Think trails in Washington County, and you might reach for your hiking boots and embark on an outdoor adventure.
On the other hand, if sipping and savoring wines, brews, and spirits is more your style, you could consult this Western Maryland county’s “Grapes and Grains Guide” for some suggestions.
But now there’s another option, the brand-new Pottery Trail of Washington County, which offers a unique opportunity to meet with local working artisans in their studios and purchase their wares.
One of a trickling of such trails in the country, the Pottery Trail includes 10 local potters who are opening the doors of their studios to visitors on a year-round basis.
Encompassing Cascade to Gapland, Hagerstown to Smithsburg, and points in between, some studios are open every day, while others are by appointment only.
For visitors to the area, which is located along the South Mountain Corridor, this provides yet another reason to embark on a doable road trip, interspersed with an overnight stay at a B&B, according to Dan Spedden.
A Cooperative Project
As president of Visit Hagerstown, Spedden is particularly enthused with this new tourism offering. The result of a grassroots initiative, this is a project that came together “from concept to completion in only nine weeks.”
Pointing out that a cooperative endeavor of this sort is typical of the area, he added, “This is why I love this trail.”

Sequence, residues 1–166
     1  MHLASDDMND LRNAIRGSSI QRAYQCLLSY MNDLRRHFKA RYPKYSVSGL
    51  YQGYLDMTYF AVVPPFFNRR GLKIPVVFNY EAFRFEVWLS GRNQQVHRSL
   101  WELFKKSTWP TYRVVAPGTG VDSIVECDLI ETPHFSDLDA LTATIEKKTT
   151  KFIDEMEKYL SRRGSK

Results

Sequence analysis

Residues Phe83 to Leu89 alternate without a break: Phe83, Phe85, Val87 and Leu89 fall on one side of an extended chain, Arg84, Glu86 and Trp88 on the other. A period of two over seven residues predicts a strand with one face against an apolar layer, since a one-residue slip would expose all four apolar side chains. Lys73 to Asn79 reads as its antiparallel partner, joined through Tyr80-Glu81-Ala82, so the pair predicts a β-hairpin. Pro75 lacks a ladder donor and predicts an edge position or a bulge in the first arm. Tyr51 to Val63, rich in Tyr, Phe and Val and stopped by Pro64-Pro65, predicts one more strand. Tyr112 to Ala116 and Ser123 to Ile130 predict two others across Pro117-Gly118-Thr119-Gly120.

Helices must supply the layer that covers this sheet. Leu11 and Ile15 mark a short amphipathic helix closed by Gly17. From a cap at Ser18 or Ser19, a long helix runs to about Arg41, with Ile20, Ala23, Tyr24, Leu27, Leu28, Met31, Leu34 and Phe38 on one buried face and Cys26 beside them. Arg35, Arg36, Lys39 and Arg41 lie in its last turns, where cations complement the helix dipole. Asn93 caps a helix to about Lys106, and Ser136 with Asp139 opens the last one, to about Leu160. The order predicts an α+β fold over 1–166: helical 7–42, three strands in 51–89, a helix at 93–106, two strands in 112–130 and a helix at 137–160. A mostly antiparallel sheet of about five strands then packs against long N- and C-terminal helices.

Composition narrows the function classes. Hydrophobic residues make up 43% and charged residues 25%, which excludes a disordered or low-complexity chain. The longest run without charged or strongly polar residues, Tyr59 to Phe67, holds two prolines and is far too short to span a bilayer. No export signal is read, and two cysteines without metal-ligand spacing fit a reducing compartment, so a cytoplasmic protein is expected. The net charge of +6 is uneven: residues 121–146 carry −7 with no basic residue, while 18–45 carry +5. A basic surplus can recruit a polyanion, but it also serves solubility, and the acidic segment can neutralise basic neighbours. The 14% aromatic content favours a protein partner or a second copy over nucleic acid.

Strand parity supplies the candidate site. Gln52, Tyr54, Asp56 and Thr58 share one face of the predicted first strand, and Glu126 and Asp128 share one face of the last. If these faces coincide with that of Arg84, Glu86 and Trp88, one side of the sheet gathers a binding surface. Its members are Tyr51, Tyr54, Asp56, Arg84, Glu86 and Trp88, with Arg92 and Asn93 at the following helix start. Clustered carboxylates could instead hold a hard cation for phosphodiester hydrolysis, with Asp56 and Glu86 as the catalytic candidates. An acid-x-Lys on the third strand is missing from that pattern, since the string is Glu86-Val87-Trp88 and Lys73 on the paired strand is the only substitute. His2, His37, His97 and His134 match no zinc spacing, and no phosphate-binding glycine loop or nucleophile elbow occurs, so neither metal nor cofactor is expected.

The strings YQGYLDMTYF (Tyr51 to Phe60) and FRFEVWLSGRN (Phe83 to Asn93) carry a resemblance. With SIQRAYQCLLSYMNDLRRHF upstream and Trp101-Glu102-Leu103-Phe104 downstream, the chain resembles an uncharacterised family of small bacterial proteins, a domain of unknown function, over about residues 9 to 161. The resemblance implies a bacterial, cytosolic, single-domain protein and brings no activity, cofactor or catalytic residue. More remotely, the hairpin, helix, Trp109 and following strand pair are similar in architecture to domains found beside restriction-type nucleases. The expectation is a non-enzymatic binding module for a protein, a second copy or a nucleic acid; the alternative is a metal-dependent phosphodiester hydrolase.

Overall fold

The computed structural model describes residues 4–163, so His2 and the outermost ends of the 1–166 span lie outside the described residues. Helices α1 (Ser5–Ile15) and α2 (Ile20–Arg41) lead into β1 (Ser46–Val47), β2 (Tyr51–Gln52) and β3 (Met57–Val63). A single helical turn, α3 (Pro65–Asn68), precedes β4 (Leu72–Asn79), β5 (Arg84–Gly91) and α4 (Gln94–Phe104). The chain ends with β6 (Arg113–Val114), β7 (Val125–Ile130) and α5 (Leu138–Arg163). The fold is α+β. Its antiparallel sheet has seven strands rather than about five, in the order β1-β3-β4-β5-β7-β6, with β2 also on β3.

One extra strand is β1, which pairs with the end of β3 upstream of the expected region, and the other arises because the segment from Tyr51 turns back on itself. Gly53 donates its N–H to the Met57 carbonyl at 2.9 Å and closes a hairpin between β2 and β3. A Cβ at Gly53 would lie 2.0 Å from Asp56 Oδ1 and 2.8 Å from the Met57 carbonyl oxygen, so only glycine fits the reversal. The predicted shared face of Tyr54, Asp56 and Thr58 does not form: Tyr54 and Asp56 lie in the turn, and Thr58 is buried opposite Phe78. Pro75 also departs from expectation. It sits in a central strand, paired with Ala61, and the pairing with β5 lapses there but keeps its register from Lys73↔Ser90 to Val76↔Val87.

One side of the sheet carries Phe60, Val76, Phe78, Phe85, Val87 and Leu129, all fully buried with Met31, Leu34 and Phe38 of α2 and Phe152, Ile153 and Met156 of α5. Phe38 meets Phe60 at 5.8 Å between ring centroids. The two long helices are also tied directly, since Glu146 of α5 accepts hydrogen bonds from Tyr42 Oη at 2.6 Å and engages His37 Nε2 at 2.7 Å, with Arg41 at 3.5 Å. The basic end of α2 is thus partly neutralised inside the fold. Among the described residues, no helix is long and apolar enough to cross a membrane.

The idea to form such a trail originated with Kirke Martin, a Tennessee native and potter who settled in the area nearly 20 years ago, in large part due to its beautiful rolling hills, scenic rivers, and quaint small towns.
“The reality is that Washington County is full of artists,” he noted. Having the idea to organize potters, he reached out and ultimately identified nine others who were willing to work together.
As an aside, Martin suggested that artists who would participate in something like this are certainly of a giving nature.
A diverse group, there are a few threads that the potters have in common. Like Martin, who can be found at M4 Studios and Gallery in Keedysville, all are professional potters.
Although they are personally cohesive, the wares they produce represent a “huge range” of glazes, finishes, and firing processes.
Among their final products are functional items as well as sculptural pieces. Quite simply, as Martin stated, “We don’t make the same thing.”
How to Follow the Trail
As for those wishing to follow the trail, the best way to begin is to secure a copy of the trifold trail brochure, which includes addresses, hours of operation, and contact information.
Martin, for instance, maintains what he calls a “roadside gallery,” where enthusiasts can take home a bit of his work and pay for it on the honor system.
Best of all is the fact that, although there are 10 trail participants at this point, Spedden hopes that other potters will soon join the group and thereby be included in the second printing of the brochure.
For More Information
Visit Hagerstown and Washington County: visithagerstown.com